Carnegie Mellon University
December 18, 2019

New prosthetic limbs go beyond the functional to allow people to ‘feel’ again

By Payal Dhar, Washington Post

from the Washington Post 

Bin He, professor and head of Biomedical Engineering at Carnegie Mellon University, is interviewed in the Washington Post about the noninvasive high-precision brain-computer interface that he and his colleagues are working to develop.

In June, He reported a breakthrough: a “mind-controlled robotic arm . . . that demonstrates for the first time, to our knowledge, the capability for humans to continuously control a robotic device using noninvasive EEG signals.”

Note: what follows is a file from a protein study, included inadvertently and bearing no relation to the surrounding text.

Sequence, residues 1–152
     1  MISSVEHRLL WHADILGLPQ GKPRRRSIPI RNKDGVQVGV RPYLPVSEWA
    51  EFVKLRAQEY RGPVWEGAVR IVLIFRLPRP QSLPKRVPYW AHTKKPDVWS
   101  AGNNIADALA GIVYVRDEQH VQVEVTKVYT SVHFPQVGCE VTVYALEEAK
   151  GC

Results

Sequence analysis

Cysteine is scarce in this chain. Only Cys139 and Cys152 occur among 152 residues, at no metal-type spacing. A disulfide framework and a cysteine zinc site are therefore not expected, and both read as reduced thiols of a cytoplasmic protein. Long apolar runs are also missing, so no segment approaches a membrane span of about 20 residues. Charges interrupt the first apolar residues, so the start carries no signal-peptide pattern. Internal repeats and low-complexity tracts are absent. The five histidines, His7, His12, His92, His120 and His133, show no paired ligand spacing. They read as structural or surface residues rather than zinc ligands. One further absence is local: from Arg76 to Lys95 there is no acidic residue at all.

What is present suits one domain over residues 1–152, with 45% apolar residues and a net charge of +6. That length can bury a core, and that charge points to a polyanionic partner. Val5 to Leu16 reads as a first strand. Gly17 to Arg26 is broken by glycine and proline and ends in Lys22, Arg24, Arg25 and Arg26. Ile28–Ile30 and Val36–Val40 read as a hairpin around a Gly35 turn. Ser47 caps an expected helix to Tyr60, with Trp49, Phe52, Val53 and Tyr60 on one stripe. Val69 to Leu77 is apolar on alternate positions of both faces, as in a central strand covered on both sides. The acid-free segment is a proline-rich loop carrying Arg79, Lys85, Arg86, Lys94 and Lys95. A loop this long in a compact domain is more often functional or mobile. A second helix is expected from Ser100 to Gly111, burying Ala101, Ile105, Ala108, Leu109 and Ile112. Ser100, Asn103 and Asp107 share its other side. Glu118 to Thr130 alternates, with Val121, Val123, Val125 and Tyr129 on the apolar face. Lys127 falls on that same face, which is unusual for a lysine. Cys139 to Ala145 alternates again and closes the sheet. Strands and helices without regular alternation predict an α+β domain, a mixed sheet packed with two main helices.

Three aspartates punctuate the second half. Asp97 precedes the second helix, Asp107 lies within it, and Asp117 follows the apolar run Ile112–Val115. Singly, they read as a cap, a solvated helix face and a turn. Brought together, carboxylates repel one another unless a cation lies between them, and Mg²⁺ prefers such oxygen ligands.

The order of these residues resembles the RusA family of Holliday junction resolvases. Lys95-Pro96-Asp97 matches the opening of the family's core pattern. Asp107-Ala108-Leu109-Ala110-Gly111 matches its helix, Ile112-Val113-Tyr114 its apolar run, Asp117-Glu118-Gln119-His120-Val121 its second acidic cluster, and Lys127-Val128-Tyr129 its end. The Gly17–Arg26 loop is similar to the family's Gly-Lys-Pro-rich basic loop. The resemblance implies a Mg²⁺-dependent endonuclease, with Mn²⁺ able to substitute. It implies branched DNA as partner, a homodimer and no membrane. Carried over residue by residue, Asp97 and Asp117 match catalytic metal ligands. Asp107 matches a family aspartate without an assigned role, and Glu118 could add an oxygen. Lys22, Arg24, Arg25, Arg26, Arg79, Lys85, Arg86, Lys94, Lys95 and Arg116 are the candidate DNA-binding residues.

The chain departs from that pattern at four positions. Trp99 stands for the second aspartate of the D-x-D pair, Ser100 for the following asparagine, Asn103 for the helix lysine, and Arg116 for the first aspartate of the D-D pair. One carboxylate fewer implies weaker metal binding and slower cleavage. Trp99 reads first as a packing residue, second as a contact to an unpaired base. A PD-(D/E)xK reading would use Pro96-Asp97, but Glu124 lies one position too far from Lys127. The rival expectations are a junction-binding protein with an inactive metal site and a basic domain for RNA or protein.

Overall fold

The term noninvasive is key. Noninvasive BCIs have shown promising results but only in performing distinct actions — for example, pushing a button. When it comes to a sustained, continuous action such as tracking a cursor on a computer screen, noninvasive BCIs have resulted in jerky, disjointed movements of the robotic prosthesis. In He and his team’s demonstration, the subject controlled with their mind a robotic arm to track a cursor on a computer screen, and the prosthetic finger was able to follow the cursor in a smooth, continuous path — just as a real finger would. What is more interesting is that, while they used a computer-wired EEG cap on the subject in the lab, He said that it is not necessary.

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